Balance sheet bodes well for trio
By John Dorfman
Published: Tuesday, February 12, 2013, 12:01 a.m.
Updated: Wednesday, February 20, 2013
Take a bow, Yahoo! Inc. Step up to the podium, Cognizant Technology Solutions Corp. Looking good, Ralph Lauren Corp.
These companies and 20 others are on my roster of Balance Sheet Powerhouses for 2013.
I compile this list annually to honor companies with unusually strong balance sheets and to counter what I consider investors' monomania about earnings. Many investors care only whether earnings are growing and whether earnings beat expectations.
Those things are important, but they are far from the whole ball game in investing. One factor that many investors neglect is balance-sheet strength.
To make my honors list as a Balance Sheet Powerhouse, a company must have a market value of $1 billion or more; cash or near-cash of $300 million or more; long-term debt of $200 million or less; total debt no more than 10 percent of stockholders' equity; a current ratio (current assets divided by current liabilities) of 1.0 or more; and fully diluted earnings of at least 10 cents a share in the latest fiscal year.
I have compiled the Balance Sheet Powerhouse list nine times, in 2000 through 2006, and from 2011 to the present. This year 24 companies made the cut — the shortest list since 2003. One company, Forest Laboratories Inc., has made the list all nine times.
Here is the roster of repeat winners and newcomers among the 24 companies that qualified this year.
• Nine-time winner: Forest Laboratories Inc. (FRX).
• Eight-time winner: Qualcomm Inc. (QCOM).
• Six-time winner: Gentex Corp. (GNTX).
• Five-time winner: Bed Bath & Beyond Inc. (BBBY).
• Four-time winners: American Eagle Outfitters Inc. (AEO), Dolby Laboratories Inc. (DLB).
• Three-time winners: Activision Blizzard Inc. (ATVI), Cognizant Technology Solutions Corp. (CTSH), Expeditors International of Washington Inc. (EXPD), Micros Systems Inc. (MCRS).
• Two-time winners: Amdocs Ltd. (DOX), Hittite Microwave Corp. (HITT), Intuitive Surgical Inc. (ISRG), LSI Corp. (LSI), MKS Instruments Inc. (MKSI), SEI Investments Co. (SEIC), Skyworks Solutions Inc. (SWKS).
• First-time winners: Align Technology Inc. (ALGN), CommVault Systems Inc. (CVLT), Entegris Inc. (ENTG), Progress Software Corp. (PRGS), Ralph Lauren Corp. (RL), Ultratech Inc. (UTEK), Yahoo! Inc. (YHOO).
Microsoft Corp. (MSFT), which had been honored six times, didn't make the cut this year because its debt-to-equity ratio has risen above 10 percent.
Because the Balance Sheet Powerhouses are obviously excellent companies, they are often priced out of the value range I prefer. In other words, they are all good companies, but only some are good stocks to buy.
Each year, I have recommended from one to four of the Powerhouse stocks as ones that I think can be bought for their capital-appreciation potential.
Last year I selected three: Forest Laboratories, Activision Blizzard and MKS Instruments. From Feb 21, 2012, through Feb. 8, 2013, Forest Labs rose 11 percent (including dividends), Activision returned 13.2 percent, and MKS lost 9 percent.
All three of my selections performed worse than the Standard & Poor's 500 Index, which returned 13.9 percent. The average return for my picks was 5.03 percent.
Long-term, the results are better. In eight years, my recommendations in this series have produced an average one-year return of 21.9 percent, versus 5.9 percent for the S&P 500.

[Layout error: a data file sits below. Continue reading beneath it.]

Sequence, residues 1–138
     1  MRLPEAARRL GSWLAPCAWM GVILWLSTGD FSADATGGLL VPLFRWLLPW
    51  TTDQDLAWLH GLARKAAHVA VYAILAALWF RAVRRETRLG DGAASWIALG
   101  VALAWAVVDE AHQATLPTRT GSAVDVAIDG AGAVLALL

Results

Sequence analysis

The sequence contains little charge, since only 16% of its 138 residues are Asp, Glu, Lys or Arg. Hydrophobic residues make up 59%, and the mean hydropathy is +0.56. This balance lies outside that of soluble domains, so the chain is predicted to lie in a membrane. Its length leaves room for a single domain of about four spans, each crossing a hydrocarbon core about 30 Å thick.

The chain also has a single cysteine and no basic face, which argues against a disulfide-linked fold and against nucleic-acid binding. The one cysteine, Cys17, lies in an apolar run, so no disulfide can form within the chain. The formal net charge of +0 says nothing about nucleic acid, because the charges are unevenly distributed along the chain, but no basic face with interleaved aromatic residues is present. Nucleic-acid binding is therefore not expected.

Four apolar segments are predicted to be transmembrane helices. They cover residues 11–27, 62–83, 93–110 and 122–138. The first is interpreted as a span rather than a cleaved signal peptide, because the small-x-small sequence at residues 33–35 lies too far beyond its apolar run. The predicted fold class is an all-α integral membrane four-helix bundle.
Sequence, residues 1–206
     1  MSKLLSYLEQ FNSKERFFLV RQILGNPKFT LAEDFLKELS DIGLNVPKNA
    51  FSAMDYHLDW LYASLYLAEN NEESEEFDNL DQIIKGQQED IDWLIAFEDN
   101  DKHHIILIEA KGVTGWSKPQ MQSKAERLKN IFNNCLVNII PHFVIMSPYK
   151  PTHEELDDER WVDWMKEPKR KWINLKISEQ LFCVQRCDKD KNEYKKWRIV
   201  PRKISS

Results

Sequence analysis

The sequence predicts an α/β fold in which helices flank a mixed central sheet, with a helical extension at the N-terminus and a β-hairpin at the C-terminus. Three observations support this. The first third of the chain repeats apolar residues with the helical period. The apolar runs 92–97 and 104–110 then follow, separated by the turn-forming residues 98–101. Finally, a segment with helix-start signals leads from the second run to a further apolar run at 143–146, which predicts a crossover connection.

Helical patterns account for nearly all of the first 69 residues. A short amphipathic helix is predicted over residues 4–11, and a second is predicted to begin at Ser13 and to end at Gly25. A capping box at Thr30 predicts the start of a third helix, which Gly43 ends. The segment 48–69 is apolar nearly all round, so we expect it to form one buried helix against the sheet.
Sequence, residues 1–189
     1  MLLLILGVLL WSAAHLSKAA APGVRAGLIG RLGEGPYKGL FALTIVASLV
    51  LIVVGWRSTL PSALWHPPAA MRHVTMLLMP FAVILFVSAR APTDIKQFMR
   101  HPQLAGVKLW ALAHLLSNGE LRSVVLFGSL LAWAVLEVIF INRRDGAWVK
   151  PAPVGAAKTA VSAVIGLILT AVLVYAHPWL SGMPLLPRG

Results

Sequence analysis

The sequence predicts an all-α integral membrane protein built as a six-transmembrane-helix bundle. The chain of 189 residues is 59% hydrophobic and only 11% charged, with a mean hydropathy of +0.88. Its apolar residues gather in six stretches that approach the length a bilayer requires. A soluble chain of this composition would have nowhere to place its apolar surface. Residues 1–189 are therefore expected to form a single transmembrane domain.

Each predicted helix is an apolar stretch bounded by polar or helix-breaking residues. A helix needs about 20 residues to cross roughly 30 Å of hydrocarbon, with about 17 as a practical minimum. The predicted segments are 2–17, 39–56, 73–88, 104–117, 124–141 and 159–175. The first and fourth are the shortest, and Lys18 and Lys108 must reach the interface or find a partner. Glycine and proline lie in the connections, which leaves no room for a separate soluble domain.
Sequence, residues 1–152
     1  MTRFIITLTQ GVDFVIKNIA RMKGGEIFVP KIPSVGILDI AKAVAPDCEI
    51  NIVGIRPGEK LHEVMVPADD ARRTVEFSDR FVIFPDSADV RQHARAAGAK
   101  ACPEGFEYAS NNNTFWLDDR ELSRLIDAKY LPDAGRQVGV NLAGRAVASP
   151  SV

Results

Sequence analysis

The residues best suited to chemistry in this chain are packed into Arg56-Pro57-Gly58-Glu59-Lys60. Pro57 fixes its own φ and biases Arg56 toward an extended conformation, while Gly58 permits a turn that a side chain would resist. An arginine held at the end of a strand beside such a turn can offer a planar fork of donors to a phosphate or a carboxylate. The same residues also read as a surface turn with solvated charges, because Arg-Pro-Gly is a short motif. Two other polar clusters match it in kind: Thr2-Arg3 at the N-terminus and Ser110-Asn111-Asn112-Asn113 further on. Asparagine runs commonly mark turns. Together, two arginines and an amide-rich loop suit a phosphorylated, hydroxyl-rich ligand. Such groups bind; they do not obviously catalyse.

It should be emphasized that these are paper returns, with no allowance for trading costs or taxes. Results of column recommendations shouldn't be confused with those for portfolios I run for clients. And past performance doesn't predict future results.
Also, while the average returns were good, that was in large part because of a few big winners. Only four of my eight sets of recommendations beat the S&P 500, and only five of the eight were profitable.
This year I will again recommend three of the Powerhouse stocks. One is a repeat – Activision Blizzard. The Santa Monica, Calif., video game company is debt-free and its stock sells for 13 times earnings.
I also like five-time winner Bed Bath & Beyond of Union, N.J. I think this retailer of sheets, towels and other home goods could benefit from a pretty good year for consumer spending.
This stock sells for 14 times earnings.
Finally, I like Dolby Laboratories Inc. of San Francisco, whose audio equipment is used by both amateurs and professionals such as movie studios and recording studios. Shares in this debt-free company go for 14 times earnings.
The other 21 companies on this year's list sell for 15 to 203 times earnings.
They all richly deserve recognition – but you won't find a cheapskate investor like me paying up for them.
John Dorfman is chairman of Thunderstorm Capital in Boston and a syndicated columnist; email@example.com.
- Kovacevic: Why did Pens even get Iginla?
- Coach Tomlin, Steelers facing plenty of questions as OTAs start
- Crews dig through night after Oklahoma twister kills at least 51
- Improved depth could drive Pirates’ fortunes deep into season
- Penguins’ breakdown on Alfredsson goal changes series
- Pitt baseball team has a lot at stake
- Senators exude confidence after stirring Game 3 victory
- Pittsburgh police arrest bicyclist after chase through the South Side
- Cooke has been steadying force for Penguins in playoffs
- Penguins Insider: Players’ focus in right place
- Heart patients accuse Excela of conspiracy
You must be signed in to add comments
To comment, click the Sign in or sign up at the very top of this page.
Subscribe today! Click here for our subscription offers.